By Kristina Wong - 01/06/16 11:36 AM EST
The top Democrat on the Senate Foreign Relations Committee on Wednesday called for the U.S. to respond "resolutely" to North Korea's nuclear test.
“Today's reported nuclear test by North Korea is yet another indication of North Korea’s determination to continue to defy the international community and the threat it poses to regional peace and stability," said Sen. Ben CardinBen CardinGOP senators: Brexit vote a wake-up call Dems take over floor to protest Senate inaction on gun control Voinovich led charge against anti-Semitism MORE (D-Md.).
Cardin said he will work with others in the Senate on legislation to impose additional sanctions on North Korea and also urged the United Nations Security Council to impose additional sanctions.
Sen. Bob MenendezRobert MenendezOvernight Cybersecurity: Senate narrowly rejects expanding FBI surveillance powers Senate narrowly rejects new FBI surveillance Kaine, Murphy push extension of Iran sanctions MORE (D-N.J.), a senior member of the panel, echoed those calls, saying that North Korea's nuclear detonation claims "must be met with firm action and a clear effort to halt Pyongyang's nuclear ambitions."
North Korea announced Wednesday morning it conducted a successful test of a hydrogen bomb, which would violate Security Council resolutions.
"If there's no invasion on our sovereignty we will not use nuclear weapon," North Korea’s state news agency said, according to CNN. "This H-bomb test brings us to a higher level of nuclear power."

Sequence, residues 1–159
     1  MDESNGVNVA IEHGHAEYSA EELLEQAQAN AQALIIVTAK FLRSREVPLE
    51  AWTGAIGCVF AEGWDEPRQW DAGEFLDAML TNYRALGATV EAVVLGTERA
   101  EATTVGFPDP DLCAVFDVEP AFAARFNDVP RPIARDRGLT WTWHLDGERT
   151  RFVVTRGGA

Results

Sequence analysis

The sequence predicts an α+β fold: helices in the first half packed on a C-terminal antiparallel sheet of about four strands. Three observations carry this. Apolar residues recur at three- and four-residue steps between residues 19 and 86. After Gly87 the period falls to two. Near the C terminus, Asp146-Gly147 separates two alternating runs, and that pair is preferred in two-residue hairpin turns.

So far, U.S. officials and lawmakers say they are monitoring and continuing to assess the situation in close coordination with regional partners.
State Department spokesman John Kirby late Tuesday said the U.S. could not immediately confirm North Korea's test claims but called on Pyongyang to abide by its international obligations and commitments.
"We have consistently made clear that we will not accept it as a nuclear state," he said. "We will continue to protect and defend our allies in the region, including the Republic of Korea, and will respond appropriately to any and all North Korean provocations."
Meanwhile, Speaker Paul RyanPaul RyanRangel: Trump puts Ryan in tough spot Dems find voice with disruption Democrats plan 'day of action' to keep spotlight on guns MORE (R-Wis.) said that while all the facts aren't known yet, "this looks like a provocation."
"We have to have a well-honed response with our allies on this world regime," he said.
British Foreign Secretary Philip Hammond said Wednesday that if North Korea indeed detonated a nuclear device, it would be a "grave breach of U.N. Security Council resolutions and a provocation which I condemn without reservation."
"We will be working with other U.N. Security Council members to ensure the international community responds urgently and decisively to this latest activity."
Hammond, who is currently in Beijing, said he and his Chinese counterpart have agreed to work with other members of the U.N. Security Council "towards a robust international response."